Wednesday, July 6, 2011

Paul Willis – Learning to Labor – summary


Paul Willis – Learning to Labor – summary
part 1 - 2

Learning to Labor: How Working Class Kids Get Working Class Jobs

Paul Willis's 1977 "Learning to Labor: How Working Class Kids Get Working Class Jobs" is based on an ethnographic research on a group of working class high school students in a British industrial town. The question Willis poses in "Learning to Labor" comes from his Marxist point of view and asks how is social reproduction sustained on the individual level, and how can one account for the subordinates' agreement with their condition? Willis points to the paradox in the fact that, at least at the beginning, the working class "lads" he studies are happy to go work at a factory and experience it as a their own free choice, while this "choice" works to preserve their social condition and class oppression. "Learning to Labor" is an attempt to figure out the complex dynamics of this process.

One common argument is ruled out by Willis right at the start, the one holding that the lads are drawn to grunt work on account of being less capable. Willis finds that they are not less talented, but they do develop an antagonism towards the "work hard move forward" mentality of modern education, and develop what Willis terms as "counter school culture". Counter school culture is built around resistance to the discipline enforced by the school system and an attempt for physical and symbolic liberation from it. According to Willis counter school culture is manifested in practice, language, visual expression and style (as similarly argued by Dick Hebdige in "Subculture: The Meaning of Style").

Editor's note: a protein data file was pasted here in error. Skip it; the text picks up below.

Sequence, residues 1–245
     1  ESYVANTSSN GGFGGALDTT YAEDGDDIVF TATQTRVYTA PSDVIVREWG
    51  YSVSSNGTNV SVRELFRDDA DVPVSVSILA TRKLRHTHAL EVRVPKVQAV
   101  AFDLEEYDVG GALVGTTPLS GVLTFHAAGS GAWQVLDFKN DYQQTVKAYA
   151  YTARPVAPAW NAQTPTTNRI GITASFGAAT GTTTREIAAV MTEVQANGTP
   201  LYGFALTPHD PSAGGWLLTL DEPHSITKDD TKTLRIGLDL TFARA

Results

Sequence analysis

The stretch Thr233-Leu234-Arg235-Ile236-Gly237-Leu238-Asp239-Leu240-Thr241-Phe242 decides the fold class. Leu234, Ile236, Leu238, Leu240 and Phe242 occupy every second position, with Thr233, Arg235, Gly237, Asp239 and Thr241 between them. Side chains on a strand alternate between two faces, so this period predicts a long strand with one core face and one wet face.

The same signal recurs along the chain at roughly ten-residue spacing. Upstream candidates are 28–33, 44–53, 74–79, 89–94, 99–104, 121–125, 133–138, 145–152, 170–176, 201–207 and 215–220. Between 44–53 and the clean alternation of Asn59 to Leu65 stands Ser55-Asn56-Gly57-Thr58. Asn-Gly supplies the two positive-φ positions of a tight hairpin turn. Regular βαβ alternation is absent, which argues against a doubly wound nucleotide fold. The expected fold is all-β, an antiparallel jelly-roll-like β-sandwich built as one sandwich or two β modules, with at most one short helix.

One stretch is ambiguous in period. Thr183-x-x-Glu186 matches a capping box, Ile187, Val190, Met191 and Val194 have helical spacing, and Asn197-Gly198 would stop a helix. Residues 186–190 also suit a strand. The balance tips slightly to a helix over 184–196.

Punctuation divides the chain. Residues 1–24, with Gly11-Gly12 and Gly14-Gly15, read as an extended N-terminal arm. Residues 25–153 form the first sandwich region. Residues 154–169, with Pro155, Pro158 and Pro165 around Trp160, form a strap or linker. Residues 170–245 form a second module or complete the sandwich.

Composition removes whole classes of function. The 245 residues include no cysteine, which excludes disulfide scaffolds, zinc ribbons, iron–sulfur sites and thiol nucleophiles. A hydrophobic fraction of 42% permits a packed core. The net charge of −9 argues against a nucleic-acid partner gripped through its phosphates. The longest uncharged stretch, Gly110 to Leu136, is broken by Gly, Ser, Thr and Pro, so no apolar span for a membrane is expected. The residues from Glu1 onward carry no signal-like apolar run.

Willis describes a process of differentiation by the lads that distance themselves from the school culture and school requirements, and develop their own counterculture. This counterculture is built on a working class repertoire of privileging practical knowledge, life experience and "street wisdom" over theoretical knowledge, a glorification of hard manual labor, displaying chauvinistic masculinity, challenging obedience, an attempt to acquire non-formal control over the work process and attributing high value to the group.

In "Learning to Labor" Willis describes how these working class materials are organized in a specific form in relation to school and its structures of authority. The lads' resistance to school Is manifested, along with other things, in rejecting what the school is trying to offer: formal knowledge and skill which the lads feel will not serve them in life and will only get them a desk position which demands more of them but is symbolically less rewarding, being considered by them as "feminine". Willis argues that the lads are aware of the fact that what will ultimately determine the fate of their class is not the acquiring of skill, as held by the individualist ethos, but the requirements of the labor market. 

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Paul Willis – Learning to Labor – summary
part 1 - 2

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